Usually, it takes about ten or so years until an album is considered a memorable classic. That wasn’t the case for Oasis’s third studio project, Be Here Now. Initially, after a few successful hits in both Britain and the U.S. (the monster track “Wonderwall” being one of them), the iconic duo of brothers Noel and Liam Gallagher had their most hyped-up record in 1997. But after the hype died down, critics were pretty harsh on the album’s aesthetic, saying that it was overproduced, and a little too extensive.
While a number of these tracks do run over five minutes long, I’m always a believer in letting the artist have free will when it comes to creative expression. As long as the song is well thought-out, calling it too long is an unfair criticism.
Even with the seemingly expanded length, the Gallagher brothers created a sense of urgency on Be Here Now in which I believe jumpstarted the millennial mindset before the 2000s even started. Known for his outlandish comments and continuing inability to speak before thinking, Noel specifically brought this punk rock vibe to a majority of the tracks here. That same vibe is what would lead to the memorable lyrics, guitar riffs, and fascinating topics of discussion from the famous Brits.
I think what made this specific record so intriguing was, learning about how each single was comprised and created. It’s almost as if you can’t listen to any of these songs without watching an interview with Noel about his thought process. You start to realize how subtle some of the inspirations really were.
For example, on the love ballad “The Girl in the Dirty Shirt,” Noel said that he wrote the lyrics based on witnessing his then girlfriend ironing a dirty shirt before one of their concerts. As odd as that sounds, the single itself is actually one of the more genuine and catchy tunes on the entire album. Noel had this sweet side to him which is something that rarely comes out in public.
Probably the oddest thing to come out of the recording of this album was, the Johnny Depp appearance on the song, “Fade In-Out.” For a Hollywood movie star, he didn’t do that bad of a job playing the Slide Guitar ( he’s still better at acting though). He surprisingly meshed well with the rest of the mixing.
The criticism of the so-called “overproduction” on this record never really bothered me. It was said that the Gallagher brothers were at each other’s throats throughout many recording sessions, and you can see that within the first few tracks at least. I loved the sense of urgency on display; it’s almost as if Noel was fighting Liam’s vocals with the instrumentals. While many Oasis fans may have found this annoying, I thought it was interesting to see both of their mindsets illustrated in their musical style, especially on the songs “D’You Know What I Mean” and “Magic Pie.”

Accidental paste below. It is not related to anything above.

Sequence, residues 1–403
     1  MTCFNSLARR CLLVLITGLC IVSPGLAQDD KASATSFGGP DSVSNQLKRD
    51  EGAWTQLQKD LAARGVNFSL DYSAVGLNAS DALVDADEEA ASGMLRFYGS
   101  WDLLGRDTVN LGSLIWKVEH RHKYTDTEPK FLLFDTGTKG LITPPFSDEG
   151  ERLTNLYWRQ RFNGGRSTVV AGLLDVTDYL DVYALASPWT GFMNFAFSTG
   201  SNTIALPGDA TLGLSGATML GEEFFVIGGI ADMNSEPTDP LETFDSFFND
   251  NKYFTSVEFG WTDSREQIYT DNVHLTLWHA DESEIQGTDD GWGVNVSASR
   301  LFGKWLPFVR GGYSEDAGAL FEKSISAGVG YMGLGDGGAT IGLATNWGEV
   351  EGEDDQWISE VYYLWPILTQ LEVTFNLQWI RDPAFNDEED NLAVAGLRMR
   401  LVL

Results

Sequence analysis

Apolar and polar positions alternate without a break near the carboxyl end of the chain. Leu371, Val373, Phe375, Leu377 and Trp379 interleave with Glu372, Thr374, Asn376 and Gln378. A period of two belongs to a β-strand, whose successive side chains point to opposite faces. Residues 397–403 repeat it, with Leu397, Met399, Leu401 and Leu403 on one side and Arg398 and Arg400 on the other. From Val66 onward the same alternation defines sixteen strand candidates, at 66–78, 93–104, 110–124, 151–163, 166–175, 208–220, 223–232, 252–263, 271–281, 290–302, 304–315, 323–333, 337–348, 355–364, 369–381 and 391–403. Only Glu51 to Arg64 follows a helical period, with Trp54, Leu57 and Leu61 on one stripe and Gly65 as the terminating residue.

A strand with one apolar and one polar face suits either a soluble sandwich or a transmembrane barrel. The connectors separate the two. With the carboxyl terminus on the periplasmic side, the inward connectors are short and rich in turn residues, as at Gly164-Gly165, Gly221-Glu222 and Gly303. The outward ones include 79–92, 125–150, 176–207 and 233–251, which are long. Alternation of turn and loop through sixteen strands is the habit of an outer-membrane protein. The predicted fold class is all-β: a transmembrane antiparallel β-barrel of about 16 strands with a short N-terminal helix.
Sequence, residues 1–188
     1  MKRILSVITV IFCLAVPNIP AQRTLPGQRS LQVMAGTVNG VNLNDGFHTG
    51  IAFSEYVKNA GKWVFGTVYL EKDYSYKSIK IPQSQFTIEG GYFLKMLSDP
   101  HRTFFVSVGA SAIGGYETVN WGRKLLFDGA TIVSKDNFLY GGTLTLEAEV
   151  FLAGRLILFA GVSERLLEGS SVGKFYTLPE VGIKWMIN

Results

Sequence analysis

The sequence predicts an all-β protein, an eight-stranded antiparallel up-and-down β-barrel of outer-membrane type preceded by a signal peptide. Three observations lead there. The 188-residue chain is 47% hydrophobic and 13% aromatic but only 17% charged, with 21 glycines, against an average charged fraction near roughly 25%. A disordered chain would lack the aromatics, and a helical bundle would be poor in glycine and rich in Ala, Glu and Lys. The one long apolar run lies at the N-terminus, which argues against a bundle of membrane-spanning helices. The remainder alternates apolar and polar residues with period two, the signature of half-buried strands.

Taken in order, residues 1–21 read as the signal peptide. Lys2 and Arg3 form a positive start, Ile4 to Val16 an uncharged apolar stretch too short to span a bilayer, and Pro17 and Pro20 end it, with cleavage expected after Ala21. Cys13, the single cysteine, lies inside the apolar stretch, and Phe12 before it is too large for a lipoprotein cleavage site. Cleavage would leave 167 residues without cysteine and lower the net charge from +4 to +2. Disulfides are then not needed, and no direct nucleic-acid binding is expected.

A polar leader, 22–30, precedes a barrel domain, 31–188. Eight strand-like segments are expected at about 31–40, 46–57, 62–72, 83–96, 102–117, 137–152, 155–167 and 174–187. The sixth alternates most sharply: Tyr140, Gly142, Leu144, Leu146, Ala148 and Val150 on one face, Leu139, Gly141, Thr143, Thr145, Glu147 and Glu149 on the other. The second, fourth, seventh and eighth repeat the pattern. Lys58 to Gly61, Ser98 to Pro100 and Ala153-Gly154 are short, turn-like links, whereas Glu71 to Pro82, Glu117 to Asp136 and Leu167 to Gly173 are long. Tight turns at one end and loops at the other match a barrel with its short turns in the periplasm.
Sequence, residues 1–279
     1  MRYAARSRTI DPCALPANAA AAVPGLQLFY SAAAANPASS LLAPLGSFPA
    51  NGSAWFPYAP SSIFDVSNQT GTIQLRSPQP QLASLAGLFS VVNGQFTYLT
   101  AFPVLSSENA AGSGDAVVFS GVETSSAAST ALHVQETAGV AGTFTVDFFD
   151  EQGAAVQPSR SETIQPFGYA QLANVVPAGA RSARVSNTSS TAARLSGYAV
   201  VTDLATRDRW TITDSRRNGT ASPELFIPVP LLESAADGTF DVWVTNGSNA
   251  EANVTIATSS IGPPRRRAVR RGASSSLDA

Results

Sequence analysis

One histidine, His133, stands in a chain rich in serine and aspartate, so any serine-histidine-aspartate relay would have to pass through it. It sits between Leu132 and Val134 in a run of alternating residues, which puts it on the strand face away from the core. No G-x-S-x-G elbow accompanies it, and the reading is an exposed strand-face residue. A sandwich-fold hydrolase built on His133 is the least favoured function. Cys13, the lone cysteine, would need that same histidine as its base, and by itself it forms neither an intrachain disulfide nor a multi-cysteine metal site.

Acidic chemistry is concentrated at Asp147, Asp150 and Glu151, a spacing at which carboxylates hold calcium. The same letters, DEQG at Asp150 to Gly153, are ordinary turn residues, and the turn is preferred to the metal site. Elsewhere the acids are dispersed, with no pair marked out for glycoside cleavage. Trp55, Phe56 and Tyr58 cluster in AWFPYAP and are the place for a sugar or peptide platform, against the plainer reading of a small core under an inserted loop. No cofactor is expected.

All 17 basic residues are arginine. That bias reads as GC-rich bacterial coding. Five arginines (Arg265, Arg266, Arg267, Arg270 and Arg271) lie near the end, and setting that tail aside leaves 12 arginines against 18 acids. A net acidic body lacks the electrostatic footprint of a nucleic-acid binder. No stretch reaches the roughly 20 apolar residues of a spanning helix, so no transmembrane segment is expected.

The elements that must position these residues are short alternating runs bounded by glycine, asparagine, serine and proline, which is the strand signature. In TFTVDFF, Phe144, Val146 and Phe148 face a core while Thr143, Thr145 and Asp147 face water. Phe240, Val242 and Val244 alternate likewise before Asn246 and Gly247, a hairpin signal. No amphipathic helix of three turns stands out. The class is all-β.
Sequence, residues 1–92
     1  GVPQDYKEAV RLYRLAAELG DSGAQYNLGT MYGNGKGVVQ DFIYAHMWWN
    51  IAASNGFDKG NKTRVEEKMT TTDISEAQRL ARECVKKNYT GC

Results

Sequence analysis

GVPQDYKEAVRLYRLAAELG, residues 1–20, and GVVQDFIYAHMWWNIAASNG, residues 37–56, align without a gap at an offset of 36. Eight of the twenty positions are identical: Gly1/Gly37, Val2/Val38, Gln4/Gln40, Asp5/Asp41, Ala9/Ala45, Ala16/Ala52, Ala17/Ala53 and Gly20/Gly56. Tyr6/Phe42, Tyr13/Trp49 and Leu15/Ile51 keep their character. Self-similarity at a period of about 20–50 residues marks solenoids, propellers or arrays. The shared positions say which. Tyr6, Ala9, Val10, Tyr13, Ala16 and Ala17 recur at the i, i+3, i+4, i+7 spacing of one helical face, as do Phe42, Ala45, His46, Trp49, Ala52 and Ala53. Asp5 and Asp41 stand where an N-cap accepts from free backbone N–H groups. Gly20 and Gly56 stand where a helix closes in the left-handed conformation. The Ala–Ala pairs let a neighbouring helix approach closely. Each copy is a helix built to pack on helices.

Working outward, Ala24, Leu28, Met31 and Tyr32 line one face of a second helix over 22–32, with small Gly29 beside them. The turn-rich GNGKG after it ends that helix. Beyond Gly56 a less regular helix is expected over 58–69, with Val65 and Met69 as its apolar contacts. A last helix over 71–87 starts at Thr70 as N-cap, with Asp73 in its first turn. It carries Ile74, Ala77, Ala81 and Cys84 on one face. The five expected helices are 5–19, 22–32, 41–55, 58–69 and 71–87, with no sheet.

I appreciate Noel’s awareness of how much of a loudmouth he could be on the forceful and straightforward track, “My Big Mouth.” As someone who has said questionable comments in interviews and has bashed the legendary Radiohead before (he once claimed that Thom Yorke could “shit in a light bulb and still get a 9/10”), at least Noel understands his unlikable approach to certain situations and the consequences that come with his actions.
I just think that Noel and Liam are pretty self-conscious and self-aware in general on this project. And although many may find this duo immature at times, the second half of the record really shows their vulnerability and imperfections. “Don’t Go Away” has been rumored to be about a cancer scare that the brothers’ mother had while they were recording the album. It’s a beautiful ode to an important person in their lives.
On the other hand, it’s quite amusing to see the hilarity that went into the creation of these songs. “Magic Pie” was created because Noel misread “magpie” in the dictionary, and as a result, the title came out to be the one mentioned above. On the title track, some of the music was recorded on a plastic piano that they acquired from one of Mick Jagger’s kids while on vacation.
Not too many times in the industry do we see this type of quirkiness and uniqueness involved within an entire project. Noel and Liam Gallagher for sure brought this perfect storm of interesting personalities mixed with genius songwriting. It’s definitely safe to say that there aren’t too many albums where the music is just as entertaining as the backstories behind them.
Yeah, Be Here Now has lost some of its steam twenty years later, but at the time, it was an impeccable record for the turn of the millennium.